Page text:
Reporter Ben Baeder and photojournalist Sarah Reingewirtz won the March DFMie for the Los Angeles News Group for their look at racial disparity in the L.A. County foster care system.
Executive Editor Michael Anastasi explained in his nomination:
To quote from the lead of Ben’s story: “Eight out of every 100 children in Los Angeles County are black. And 29 out of every 100 children in foster care are black. That jump in proportion, which is common statewide, is one of the most controversial discussions in the child welfare community.”
Ben’s story put a spotlight squarely on an issue that is a political hot potato as he fearlessly tackled a topic notoriously difficult to grasp because of its complex nuances and emotions it brings forth from those involved. Meanwhile, Sarah’s photos humanized this journalism in a way that words could not. The moments she captured were extraordinary.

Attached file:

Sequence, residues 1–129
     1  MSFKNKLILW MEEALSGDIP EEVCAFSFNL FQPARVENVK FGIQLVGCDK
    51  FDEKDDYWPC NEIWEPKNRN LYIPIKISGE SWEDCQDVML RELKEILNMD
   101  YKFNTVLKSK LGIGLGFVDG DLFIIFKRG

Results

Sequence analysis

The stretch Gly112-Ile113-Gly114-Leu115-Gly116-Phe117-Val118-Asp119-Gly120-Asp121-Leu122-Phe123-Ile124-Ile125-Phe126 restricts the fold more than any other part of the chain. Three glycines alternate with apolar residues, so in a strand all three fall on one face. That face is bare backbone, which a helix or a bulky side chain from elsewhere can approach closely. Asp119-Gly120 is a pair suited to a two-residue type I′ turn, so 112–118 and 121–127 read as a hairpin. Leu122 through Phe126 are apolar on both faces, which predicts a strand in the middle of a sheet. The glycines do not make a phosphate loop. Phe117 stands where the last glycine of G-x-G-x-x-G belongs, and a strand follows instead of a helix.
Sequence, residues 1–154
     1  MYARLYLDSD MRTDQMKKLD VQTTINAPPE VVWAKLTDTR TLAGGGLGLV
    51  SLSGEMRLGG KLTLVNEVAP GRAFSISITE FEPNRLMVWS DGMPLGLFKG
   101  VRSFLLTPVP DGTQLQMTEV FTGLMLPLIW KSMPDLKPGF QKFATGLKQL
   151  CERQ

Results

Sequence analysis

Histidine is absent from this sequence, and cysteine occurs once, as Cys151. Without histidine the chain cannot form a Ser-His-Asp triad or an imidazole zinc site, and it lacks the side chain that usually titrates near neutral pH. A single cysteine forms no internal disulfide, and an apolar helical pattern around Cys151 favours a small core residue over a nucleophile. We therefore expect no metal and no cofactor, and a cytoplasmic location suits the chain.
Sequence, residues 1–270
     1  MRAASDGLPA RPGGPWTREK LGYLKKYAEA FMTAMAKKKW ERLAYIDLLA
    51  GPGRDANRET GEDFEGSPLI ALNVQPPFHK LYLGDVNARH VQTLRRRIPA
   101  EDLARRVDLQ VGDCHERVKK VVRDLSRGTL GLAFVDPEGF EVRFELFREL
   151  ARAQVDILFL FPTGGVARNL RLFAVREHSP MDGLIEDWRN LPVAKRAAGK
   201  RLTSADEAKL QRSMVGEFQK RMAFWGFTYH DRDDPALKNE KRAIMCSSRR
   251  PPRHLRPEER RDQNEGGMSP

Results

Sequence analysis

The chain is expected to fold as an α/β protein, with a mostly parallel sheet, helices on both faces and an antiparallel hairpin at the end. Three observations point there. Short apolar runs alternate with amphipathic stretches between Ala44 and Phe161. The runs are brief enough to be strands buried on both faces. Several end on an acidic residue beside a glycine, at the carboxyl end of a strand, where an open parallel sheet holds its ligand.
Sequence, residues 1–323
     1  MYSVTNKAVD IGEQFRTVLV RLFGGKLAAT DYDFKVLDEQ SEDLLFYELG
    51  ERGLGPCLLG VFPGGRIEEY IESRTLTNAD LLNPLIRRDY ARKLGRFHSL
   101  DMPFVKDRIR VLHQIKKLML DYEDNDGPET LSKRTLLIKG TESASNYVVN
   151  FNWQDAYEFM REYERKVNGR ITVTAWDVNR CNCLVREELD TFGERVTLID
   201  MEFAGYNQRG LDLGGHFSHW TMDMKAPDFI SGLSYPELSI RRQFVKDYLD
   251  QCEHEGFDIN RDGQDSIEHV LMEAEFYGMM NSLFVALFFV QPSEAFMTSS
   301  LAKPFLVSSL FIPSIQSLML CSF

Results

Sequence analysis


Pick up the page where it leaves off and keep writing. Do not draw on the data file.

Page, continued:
Judges praised the project:
Ben obviously put a lot of effort into the story and took a topic most people don’t want to think about, much less discuss. As a callous old crime and court reporter, it takes a lot to reach me on an emotional level. Ben did that with his thought-provoking piece. It is one of the best and most disturbing stories I’ve read recently.
Ben’s story reminds me why I got into journalism in the first place: highlight significant breakdown in a system, back it up with facts, human stories and faces, and hopefully, in the end, make a difference. This story has all the elements of dogged community journalism, with a wealth of compelling facts gleaned from experts and research reports. To me, those facts are laid out in nice readable way, without boggling the mind. It is also a subject of deep complexity that, presented as it is, makes for full understanding. The photographs add a wonderful dimension that, as excellent photos like these normally do, display the humanity of it all.
This is part of the announcement of the March DFMie for the Los Angeles News Group cluster of Digital First Media.